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[awl-nis] /ˈɔl nɪs/
the quality or state of universality or totality.
Origin of allness
First recorded in 1645-55; all + -ness Unabridged
Based on the Random House Dictionary, © Random House, Inc. 2018.
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Examples from the Web for allness
Historical Examples
  • And if it's no more—than all have known, I only say it's worth the allness!

    Plays Susan Glaspell
  • God's law reaches and destroys evil by virtue of the allness of God.

    No and Yes

    Mary Baker Eddy
  • Or oneness of allness: scientific works and social registers: a Goldstein who can't get in as Goldstein, gets in as Jackson.

    The Book of the Damned Charles Fort
  • It's what makes them too smug in allness—those dead things on the edge, died, distorted—trying to get through.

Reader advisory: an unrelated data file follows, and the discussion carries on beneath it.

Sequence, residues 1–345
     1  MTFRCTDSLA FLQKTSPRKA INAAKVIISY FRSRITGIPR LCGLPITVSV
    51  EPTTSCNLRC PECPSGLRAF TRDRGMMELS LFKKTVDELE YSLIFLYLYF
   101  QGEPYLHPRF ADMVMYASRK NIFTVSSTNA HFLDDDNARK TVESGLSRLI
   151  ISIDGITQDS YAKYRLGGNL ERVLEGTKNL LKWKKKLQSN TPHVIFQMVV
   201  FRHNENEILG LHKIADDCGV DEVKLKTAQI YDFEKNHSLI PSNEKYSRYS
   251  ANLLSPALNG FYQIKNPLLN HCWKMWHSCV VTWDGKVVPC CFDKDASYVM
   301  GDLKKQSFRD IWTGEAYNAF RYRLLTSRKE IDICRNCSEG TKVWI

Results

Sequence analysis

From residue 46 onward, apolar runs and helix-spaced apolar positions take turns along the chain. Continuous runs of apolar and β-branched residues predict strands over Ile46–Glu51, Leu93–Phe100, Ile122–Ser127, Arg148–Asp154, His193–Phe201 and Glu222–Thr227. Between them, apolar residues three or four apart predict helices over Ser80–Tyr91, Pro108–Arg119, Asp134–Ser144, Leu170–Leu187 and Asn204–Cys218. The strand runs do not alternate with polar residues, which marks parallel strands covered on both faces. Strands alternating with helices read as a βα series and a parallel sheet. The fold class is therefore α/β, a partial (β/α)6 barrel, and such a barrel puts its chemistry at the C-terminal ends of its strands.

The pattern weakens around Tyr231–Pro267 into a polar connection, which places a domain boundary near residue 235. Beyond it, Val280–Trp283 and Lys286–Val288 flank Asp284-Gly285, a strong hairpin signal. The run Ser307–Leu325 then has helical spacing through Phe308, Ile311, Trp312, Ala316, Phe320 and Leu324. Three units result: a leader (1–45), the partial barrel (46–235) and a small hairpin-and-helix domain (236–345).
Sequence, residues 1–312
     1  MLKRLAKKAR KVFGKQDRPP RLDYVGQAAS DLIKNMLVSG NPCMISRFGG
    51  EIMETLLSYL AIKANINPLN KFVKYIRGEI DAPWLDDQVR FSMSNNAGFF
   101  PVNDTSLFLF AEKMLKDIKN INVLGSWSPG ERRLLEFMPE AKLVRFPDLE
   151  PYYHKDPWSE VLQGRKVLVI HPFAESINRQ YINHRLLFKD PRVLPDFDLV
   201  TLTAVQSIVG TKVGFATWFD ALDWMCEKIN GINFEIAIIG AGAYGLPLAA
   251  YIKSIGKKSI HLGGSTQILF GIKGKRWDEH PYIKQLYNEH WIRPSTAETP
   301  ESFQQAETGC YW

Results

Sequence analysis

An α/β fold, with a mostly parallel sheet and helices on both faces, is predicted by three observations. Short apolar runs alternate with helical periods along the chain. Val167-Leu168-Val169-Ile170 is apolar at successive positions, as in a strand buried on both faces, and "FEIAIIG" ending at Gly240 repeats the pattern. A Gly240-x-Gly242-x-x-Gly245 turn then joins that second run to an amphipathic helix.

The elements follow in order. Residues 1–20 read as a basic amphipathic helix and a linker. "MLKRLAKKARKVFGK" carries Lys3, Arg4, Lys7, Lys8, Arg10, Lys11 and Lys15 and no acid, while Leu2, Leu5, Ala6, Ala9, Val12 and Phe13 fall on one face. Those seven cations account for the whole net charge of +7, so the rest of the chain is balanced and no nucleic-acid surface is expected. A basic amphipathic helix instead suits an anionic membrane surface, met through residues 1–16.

Plays Susan Glaspell
  • When Josè met Carmen she was holding steadfastly to her vision––the immanence and allness of God.

    Carmen Ariza Charles Francis Stocking
  • Bring your whole confidence, your trust, your knowledge of the allness of good, and the nothingness of evil.

    Carmen Ariza Charles Francis Stocking
  • He loved his enemies with a love that understood the allness of God, and the consequent nothingness of the human concept.

    Carmen Ariza Charles Francis Stocking
  • His difficulty was that, having proclaimed the allness of spirit, God, he had proceeded to bow the knee to evil.

    Carmen Ariza Charles Francis Stocking
  • This: that by knowing the unreality of disease, sin, and death, you demonstrate the allness of God.

    Unity of Good Mary Baker Eddy

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